Saving the Philippine Eagles and helping nature regenerate

The Philippine Eagle, also known as the Great  Philippine Eagle or the monkey-eating eagle  (Pithecophaga jefferyi), is a source of pride for the  Filipinos because of its majestic beauty and is only  found in the Philippines. The Philippine Eagle, one of  the world’s largest, most powerful birds of prey and  declared as the national bird of the Philippines, also  falls under the International Union for Conservation  of Nature (IUCN) critically endangered species  list. To save the future of these majestic birds, nonprofit organizations such as the Philippine Eagle  Foundation (PEF) embarked on learning more about  these royal birds through scientific field surveys,  including nesting territories and natural habitats.  


As part of its biodiversity conservation efforts, EDC  worked with PEF and the DENR in helping save  the future of these creatures. Since the start of the  initiative in 2019, PEF reports remarkable success  in its research of the Philippine eagle, allowing the  organization to propagate the species sustainably.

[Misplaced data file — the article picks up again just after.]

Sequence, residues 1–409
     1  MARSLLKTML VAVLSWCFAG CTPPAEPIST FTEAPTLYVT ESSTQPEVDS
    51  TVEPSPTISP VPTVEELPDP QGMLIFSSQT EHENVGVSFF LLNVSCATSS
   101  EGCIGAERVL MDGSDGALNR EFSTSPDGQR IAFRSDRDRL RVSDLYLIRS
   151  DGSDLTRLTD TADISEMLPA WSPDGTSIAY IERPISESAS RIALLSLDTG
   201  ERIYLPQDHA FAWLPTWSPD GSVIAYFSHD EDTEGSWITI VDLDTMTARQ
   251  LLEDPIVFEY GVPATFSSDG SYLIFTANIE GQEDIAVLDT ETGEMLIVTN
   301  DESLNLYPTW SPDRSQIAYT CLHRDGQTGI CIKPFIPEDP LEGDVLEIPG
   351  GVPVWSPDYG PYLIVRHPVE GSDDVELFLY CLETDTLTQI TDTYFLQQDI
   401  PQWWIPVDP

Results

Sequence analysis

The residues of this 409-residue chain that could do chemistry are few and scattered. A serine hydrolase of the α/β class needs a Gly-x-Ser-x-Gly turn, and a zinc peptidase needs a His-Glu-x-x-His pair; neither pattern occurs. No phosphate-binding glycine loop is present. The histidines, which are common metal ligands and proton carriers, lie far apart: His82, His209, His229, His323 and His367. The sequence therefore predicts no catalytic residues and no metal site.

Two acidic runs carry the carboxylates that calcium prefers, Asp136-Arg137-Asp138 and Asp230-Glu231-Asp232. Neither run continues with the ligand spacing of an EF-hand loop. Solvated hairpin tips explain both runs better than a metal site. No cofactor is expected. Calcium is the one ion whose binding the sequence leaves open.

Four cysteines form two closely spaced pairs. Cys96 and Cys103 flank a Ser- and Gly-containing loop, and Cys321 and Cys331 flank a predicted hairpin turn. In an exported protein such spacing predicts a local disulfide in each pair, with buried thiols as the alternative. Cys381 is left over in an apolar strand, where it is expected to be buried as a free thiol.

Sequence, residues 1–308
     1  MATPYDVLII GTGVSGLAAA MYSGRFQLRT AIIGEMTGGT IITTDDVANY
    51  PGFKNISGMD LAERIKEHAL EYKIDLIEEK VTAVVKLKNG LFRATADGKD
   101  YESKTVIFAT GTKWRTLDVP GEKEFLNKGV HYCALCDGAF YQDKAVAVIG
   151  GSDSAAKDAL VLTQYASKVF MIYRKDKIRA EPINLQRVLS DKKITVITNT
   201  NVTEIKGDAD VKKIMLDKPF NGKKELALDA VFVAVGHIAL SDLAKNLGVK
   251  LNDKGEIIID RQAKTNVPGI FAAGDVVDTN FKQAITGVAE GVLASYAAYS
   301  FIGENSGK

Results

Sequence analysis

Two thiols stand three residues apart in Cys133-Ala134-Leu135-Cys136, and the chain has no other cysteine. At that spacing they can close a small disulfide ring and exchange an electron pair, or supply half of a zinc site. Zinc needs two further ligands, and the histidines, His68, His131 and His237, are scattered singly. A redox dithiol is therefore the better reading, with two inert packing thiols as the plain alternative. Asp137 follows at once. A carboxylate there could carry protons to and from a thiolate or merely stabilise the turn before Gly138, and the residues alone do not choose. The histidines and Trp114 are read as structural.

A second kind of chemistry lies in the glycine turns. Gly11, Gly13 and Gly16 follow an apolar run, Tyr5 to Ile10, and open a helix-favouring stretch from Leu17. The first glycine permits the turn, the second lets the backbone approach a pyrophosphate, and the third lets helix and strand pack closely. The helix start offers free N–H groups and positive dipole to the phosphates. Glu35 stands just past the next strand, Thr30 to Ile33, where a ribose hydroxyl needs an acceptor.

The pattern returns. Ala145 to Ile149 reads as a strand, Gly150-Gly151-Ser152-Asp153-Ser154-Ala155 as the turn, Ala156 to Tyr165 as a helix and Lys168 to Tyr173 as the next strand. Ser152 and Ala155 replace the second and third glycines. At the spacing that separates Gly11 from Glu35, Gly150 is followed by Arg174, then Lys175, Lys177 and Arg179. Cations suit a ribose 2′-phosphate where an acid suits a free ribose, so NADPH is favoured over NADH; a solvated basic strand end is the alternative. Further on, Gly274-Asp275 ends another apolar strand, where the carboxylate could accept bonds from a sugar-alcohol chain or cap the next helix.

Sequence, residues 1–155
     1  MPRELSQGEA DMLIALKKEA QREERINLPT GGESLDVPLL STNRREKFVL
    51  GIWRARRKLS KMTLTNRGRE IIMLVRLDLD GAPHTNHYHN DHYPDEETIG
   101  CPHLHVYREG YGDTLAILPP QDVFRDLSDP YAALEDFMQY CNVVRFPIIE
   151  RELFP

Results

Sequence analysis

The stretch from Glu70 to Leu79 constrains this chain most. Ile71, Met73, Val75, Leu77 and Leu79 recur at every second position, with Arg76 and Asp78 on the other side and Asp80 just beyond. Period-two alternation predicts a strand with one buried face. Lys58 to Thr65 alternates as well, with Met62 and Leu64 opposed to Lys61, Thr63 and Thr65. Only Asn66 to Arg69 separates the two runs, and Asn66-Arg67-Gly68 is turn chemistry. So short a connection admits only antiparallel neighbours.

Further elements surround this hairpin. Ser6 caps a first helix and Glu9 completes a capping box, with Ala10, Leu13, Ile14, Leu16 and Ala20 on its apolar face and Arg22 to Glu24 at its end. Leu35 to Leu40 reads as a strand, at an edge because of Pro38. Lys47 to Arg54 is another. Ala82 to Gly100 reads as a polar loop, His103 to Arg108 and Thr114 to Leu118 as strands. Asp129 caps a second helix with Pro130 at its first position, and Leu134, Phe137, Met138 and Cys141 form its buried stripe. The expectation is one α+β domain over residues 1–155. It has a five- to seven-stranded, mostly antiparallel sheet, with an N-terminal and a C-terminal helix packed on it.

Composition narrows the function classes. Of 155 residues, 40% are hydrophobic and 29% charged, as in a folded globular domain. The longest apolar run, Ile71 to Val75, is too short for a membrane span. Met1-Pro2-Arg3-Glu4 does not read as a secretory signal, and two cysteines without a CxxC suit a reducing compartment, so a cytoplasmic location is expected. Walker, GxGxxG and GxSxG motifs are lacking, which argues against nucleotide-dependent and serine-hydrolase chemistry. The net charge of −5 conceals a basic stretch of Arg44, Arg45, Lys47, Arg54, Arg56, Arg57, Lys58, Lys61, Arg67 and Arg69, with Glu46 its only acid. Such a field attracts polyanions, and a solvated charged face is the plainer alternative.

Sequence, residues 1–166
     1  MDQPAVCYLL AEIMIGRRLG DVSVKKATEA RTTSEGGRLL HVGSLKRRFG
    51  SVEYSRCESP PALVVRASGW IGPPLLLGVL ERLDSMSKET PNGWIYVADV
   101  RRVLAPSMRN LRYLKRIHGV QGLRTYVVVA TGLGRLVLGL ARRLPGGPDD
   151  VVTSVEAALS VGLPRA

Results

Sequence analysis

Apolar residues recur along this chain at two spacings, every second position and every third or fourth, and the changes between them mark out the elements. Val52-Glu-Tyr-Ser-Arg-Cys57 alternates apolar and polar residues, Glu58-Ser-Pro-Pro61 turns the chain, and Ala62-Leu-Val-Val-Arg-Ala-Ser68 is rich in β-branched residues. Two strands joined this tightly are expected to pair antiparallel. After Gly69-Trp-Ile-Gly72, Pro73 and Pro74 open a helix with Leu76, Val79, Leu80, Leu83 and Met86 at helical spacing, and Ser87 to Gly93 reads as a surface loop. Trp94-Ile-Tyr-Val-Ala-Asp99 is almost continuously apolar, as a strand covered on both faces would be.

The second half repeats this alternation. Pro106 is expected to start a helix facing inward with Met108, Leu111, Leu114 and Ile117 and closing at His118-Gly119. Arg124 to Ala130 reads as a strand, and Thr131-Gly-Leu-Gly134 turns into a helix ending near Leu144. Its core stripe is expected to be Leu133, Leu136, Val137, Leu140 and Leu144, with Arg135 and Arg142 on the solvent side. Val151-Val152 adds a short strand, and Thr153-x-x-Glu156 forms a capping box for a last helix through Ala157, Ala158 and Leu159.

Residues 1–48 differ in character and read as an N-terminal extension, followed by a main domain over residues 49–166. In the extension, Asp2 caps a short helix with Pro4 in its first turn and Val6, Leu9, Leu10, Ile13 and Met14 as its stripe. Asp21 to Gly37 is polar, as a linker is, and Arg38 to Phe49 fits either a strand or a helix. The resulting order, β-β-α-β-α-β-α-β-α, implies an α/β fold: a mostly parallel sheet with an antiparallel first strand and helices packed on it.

To advance these efforts, the “Search for the King of  Birds” was held in 2021, anchored on the survey of  EDC’s Mount Apo Geothermal Project (MAGP) in  Kidapawan City, Cotabato. The initiative resulted in  the discovery of a pair of eagles and an estimated  two-year-old in the municipality of Magpet. With  a new testing territory, aerial mating rituals were  observed in the pair, promising a possibility of a  future offspring.  


One of the largest birds of prey globally, the  Philippine eagle plays a critical role in the overall  ecosystem of the country. With the conservation  of their species, we can help nature heal and  regenerate, bringing life back to our forests and  watersheds on which we depend.